Fuel is the single biggest expense a driver has. Our fixed expense for truck payment, insurance, communications equipment, etc. is $890 a week and will drop to $740 in 16 weeks when a couple of things get paid off. At $3.00 a gallon filling our tank runs about $600 and we do that three times a week or more. Even a solo driver will do it at least twice. I have to tell you that when I am home and fill up the Tahoe and it costs $60 or less it just doesn’t bother me anymore, and filling the Mazda is nothing to me now.

Of course we try and fill as cheaply as possible and since fuel is tied to a trip we try and match the amount of fuel we purchase to the length of the trip. We do try and keep at least a quarter of a tank in the truck at all times and in the winter in the north at least a half. I am more rigid about the latter rule than the former. There has already been a short term closing of I-80 in Wyoming this year and you just don’t want to get stuck somewhere with nothing in the tank and a few hundred other truckers who have already drained all of the diesel from the local truck stops.

Deciding what fuel costs is different for us than for you though. You have probably noticed the IFTA stickers on most big trucks. This year it is blue and an outline of the state where it was purchased is on it along with the year it is valid. There is a 90 day grace after January one to get the stickers in place (one on each side of the truck) but it is actually illegal to put it on before January first. IFTA is the International Fuel Tax Agreement and is administered by The International Fuel Tax Association . It is an agreement between the lower 48 states and the provinces in Canada that border the US about sharing fuel tax revenue. You see we pay fuel taxes in every state we drive in whether or not we purchase fuel there. There is an person at corporate whose job it is to handle this. Using data from our Qualcomm system this person nows where we have been and matches that with data about our fuel purchases to decide what we owe to whom. Below is a table showing our activity for September.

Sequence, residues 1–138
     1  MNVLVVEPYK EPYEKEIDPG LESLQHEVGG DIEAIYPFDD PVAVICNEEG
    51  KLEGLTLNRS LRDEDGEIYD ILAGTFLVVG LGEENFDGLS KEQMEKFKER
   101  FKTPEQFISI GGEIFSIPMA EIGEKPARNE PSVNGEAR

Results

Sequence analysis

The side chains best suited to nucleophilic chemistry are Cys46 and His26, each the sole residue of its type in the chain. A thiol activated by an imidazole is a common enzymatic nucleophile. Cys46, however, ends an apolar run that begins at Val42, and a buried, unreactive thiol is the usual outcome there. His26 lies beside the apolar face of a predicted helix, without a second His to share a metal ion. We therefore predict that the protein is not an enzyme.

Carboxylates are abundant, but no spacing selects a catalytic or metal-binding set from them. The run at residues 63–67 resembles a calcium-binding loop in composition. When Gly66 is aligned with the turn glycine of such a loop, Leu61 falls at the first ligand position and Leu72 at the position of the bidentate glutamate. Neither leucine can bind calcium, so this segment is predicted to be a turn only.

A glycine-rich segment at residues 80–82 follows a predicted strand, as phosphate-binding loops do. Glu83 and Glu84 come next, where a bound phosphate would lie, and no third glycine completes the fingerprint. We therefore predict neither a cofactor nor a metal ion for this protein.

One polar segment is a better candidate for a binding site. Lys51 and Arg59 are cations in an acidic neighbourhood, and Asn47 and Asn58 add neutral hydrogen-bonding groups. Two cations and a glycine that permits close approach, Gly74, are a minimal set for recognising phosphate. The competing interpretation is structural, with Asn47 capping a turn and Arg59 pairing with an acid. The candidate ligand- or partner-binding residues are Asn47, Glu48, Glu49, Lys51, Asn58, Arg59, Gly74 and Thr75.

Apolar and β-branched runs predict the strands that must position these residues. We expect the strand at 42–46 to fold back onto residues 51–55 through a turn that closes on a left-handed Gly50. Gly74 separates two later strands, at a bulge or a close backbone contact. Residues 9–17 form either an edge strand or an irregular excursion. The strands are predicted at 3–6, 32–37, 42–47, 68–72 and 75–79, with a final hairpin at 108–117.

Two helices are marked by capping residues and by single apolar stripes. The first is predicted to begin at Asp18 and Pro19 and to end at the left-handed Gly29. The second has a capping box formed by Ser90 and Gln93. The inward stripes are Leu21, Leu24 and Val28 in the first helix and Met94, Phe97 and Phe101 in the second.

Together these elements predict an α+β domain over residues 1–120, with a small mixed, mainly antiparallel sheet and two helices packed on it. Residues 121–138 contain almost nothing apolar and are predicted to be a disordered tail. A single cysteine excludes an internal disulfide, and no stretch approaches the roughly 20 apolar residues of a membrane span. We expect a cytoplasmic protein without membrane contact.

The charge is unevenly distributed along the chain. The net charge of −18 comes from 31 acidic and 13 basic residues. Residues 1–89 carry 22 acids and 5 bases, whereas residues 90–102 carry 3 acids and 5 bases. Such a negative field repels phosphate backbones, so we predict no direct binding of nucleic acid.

State Miles Mileage
Tax Rate
Diesel Fuel
Fuel Tax incl
Surcharge Tax
Gal Tax Paid State Rate/gal Gal Due Mpg Used Mileage
Tax Amount
Tax Amount
AL 133 0.0000 20.2 0.0000 0.0 0.1900 20.2 6.59 0.00 3.84
AR 275 0.0000 41.7 0.0000 0.0 0.2250 41.7 6.59 0.00 9.38
AZ 2707 0.0000 410.8 0.0000 50.8 0.2600 360.0 6.59 0.00 93.60
CA 2072 0.0000 314.4 0.0000 570.5 0.3730 -256.1 6.59 0.00 -95.53
CO 70 0.0000 10.6 0.0000 0.0 0.2050 10.6 6.59 0.00 2.17
FL 715 0.0000 108.5 0.0000 174.2 0.3167 -65.7 6.59 0.00 -20.81
GA 76 0.0000 11.5 0.0000 0.0 0.1580 11.5 6.59 0.00 1.82
IA 300 0.0000 45.5 0.0000 0.0 0.2250 45.5 6.59 0.00 10.24
IL 307 0.0000 46.6 0.0000 0.0 0.3500 46.6 6.59 0.00 16.31
IN 166 0.0000 25.2 0.2700 189.2 0.1600 -164.0 6.59 0.00 -23.47
KY 233 0.0285 35.4 0.3170 58.0 0.2150 -22.6 6.59 6.64 -1.25
LA 446 0.0000 67.7 0.0000 0.0 0.2000 67.7 6.59 0.00 13.54
MD 24 0.0000 3.6 0.0000 0.0 0.2425 3.6 6.59 0.00 0.87
MO 624 0.0000 94.7 0.0000 0.0 0.1700 94.7 6.59 0.00 16.10
MS 291 0.0000 44.2 0.0000 0.0 0.1800 44.2 6.59 0.00 7.96
NE 457 0.0000 69.3 0.0000 105.2 0.2710 -35.9 6.59 0.00 -9.73
NJ 163 0.0000 24.7 0.0000 0.0 0.1750 24.7 6.59 0.00 4.32
NM 1847 0.0437 280.3 0.0000 214.4 0.2100 65.9 6.59 80.71 13.84
OH 261 0.0000 39.6 0.0000 0.0 0.2800 39.6 6.59 0.00 11.09
OK 629 0.0000 95.4 0.0000 201.0 0.1300 -105.6 6.59 0.00 -13.73
PA 335 0.0000 50.8 0.0000 0.0 0.3810 50.8 6.59 0.00 19.35
TN 1307 0.0000 198.3 0.0000 147.3 0.1700 51.0 6.59 0.00 8.67
TX 5873 0.0000 891.2 0.0000 1025.4 0.2000 -134.2 6.59 0.00 -26.84
UT 475 0.0000 72.1 0.0000 164.3 0.2450 -92.2 6.59 0.00 -22.59
VA 654 0.0000 99.2 0.2100 0.0 0.1750 99.2 6.59 0.00 20.83
WV 54 0.0000 8.2 0.0000 201.3 0.3220 -193.1 6.59 0.00 -62.18
WY 407 0.0000 61.8 0.0000 70.2 0.1400 -8.4 6.59 0.00 -1.18

Total 20901 3,171.5 3,171.8 -0.3 87.35 -23.38